How to Adjust Squat Rack Height and Safety Arms for Your Height

How Do I Work This Thing?

Setting up a squat rack height and the safety arms is something that many individuals struggle with when first starting out in the gym. You can spend so much wasted time looking at the rack, instead of actually getting in some good squatting done. This article, in addition to the video linked above, will talk about how to adjust the squat rack height for your own height as well as setting up the safety arms, getting you back into your workout in no time.

How To Adjust Squat Rack

We will begin with the squat rack. To understand what height to put your squat rack at, I like to use a simple rule of thumb. That rule of thumb is to place the squat rack height as high as you can, to where you can pull the bar out with just a tiny knee bend to start. If you are confused on what this looks like, I would highly recommend checking out the video above as it shows a more in depth look at how this looks. This is crucial to do it at this height for two reasons. If the squat rack is too low, you will have to do a mini squat every time you come out of the rack. If the rack is too high, you will have to un-rack the bar on your tippy toes. I would start around the height outlined above, and see what level works best for you.

How To Adjust The Safety Arms

Now that we have the squat rack covered, we can move onto the safety arms. The safety arms are important to have squared away so you are able to lift heavy loads by yourself, without the fear of hurting your body if you fail. The way I like to setup the safety arm height on the squat rack is by placing the arms just 1 inch below my deepest squat with the barbell. This means that when you go down for a squat, if you can’t get out of the deepest part, you only need to drop or lay the bar down 1 inch from that position. In the video, I demonstrate this by actually rolling the bar backward off my back. By placing it 1 inch below the part of your deepest squat, you are allowing yourself to get the weight off your back, without actually “dropping” the bar, which can be very dangerous. Just like the squat rack height, try a few different positions out and see which ones work best for yourself.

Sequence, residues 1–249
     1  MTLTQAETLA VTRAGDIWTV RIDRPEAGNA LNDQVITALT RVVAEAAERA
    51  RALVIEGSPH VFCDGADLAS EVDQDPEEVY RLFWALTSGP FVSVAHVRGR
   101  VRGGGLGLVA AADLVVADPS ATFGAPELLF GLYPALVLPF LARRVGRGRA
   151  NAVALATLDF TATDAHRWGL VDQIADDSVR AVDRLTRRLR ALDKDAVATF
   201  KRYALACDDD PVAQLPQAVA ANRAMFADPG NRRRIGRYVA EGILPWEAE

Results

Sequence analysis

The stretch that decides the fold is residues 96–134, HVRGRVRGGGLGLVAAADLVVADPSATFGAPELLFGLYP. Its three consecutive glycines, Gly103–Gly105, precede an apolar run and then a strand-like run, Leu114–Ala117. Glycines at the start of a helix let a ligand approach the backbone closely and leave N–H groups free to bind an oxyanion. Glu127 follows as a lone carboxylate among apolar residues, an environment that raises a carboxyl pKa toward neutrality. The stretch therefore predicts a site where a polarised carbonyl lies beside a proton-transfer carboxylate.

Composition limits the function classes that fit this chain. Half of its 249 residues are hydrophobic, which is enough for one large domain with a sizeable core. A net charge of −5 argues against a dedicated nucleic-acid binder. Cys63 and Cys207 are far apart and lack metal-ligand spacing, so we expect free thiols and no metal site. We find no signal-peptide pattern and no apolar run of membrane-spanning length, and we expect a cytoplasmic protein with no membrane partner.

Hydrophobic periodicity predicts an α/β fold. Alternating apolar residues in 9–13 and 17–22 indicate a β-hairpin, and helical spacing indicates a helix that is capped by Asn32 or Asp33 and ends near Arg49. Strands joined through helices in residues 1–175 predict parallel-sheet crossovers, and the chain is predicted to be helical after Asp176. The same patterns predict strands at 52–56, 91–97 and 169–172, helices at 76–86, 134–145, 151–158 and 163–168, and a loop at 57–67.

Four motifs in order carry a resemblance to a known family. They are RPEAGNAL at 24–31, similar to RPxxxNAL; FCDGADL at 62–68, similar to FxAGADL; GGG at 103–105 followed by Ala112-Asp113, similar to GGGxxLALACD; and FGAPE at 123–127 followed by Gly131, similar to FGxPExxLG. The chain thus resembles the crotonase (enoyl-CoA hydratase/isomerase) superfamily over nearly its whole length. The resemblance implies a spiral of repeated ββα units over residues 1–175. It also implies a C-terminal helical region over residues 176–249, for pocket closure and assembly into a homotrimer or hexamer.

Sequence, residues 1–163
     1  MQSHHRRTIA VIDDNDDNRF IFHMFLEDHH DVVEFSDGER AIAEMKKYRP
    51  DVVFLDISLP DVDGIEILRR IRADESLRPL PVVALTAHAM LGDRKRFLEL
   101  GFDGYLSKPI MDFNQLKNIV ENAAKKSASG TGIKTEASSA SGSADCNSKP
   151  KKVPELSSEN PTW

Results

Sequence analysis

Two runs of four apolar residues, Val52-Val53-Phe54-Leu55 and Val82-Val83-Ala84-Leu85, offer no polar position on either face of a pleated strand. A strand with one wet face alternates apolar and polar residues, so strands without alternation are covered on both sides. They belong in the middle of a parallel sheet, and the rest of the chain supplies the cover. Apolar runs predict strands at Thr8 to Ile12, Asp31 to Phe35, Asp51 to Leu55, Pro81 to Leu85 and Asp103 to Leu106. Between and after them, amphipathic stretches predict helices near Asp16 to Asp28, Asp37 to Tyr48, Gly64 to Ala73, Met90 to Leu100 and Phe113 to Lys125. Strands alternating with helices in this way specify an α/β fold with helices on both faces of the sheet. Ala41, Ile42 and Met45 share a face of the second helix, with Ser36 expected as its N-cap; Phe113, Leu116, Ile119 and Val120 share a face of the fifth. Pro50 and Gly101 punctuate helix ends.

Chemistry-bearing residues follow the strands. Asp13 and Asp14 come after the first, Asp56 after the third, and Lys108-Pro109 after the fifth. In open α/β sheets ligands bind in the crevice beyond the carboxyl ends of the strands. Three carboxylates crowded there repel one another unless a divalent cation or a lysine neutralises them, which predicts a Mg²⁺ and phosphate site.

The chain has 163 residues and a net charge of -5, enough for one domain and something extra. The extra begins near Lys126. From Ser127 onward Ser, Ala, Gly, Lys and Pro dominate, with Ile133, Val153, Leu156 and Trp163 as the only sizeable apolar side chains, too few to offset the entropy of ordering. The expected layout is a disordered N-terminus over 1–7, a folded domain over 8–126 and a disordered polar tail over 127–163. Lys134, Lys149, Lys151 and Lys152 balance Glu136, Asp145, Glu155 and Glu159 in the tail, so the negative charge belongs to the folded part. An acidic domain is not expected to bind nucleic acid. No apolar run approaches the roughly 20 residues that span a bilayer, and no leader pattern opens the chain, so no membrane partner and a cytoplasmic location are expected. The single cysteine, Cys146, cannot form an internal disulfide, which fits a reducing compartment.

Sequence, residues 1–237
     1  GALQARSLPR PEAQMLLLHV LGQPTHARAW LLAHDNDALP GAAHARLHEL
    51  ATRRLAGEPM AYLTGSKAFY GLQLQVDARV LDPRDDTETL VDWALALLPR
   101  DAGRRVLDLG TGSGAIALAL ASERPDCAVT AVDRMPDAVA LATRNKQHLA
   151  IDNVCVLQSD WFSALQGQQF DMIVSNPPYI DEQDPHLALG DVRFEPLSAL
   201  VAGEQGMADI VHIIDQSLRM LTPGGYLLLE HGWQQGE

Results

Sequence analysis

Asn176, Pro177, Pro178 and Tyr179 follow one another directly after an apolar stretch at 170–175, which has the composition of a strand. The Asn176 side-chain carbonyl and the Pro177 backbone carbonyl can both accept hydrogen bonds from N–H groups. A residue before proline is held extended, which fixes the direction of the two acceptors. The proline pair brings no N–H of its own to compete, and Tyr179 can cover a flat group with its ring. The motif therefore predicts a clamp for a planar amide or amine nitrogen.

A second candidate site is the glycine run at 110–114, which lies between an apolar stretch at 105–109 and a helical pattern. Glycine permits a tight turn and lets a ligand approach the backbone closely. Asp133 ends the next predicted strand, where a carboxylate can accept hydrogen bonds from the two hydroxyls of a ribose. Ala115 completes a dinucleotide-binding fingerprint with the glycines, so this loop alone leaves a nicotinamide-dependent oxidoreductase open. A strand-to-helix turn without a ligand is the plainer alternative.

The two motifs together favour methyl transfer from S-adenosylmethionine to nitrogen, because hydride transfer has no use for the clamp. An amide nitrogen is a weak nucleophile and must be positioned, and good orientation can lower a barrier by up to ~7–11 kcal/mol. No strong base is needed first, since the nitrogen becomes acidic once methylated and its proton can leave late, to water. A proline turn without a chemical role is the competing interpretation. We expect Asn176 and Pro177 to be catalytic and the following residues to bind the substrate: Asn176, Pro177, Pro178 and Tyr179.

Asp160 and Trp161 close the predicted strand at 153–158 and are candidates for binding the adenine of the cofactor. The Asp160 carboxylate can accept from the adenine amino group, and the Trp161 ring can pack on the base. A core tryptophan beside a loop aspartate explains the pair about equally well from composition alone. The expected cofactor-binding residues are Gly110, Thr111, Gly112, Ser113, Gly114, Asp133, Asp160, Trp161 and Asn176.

I Forgot Something!

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How to Adjust a Stationary Spin Bike Seat for Your Height

Stationary Spin Bike Heights If you are new to the gym, finding the proper height for your stationary spin bike might seem incredibly difficult and challenging to do. Thankfully, there is a very quick way that you can assess exactly where your height should be for a spin bike. Before we get into that, I…

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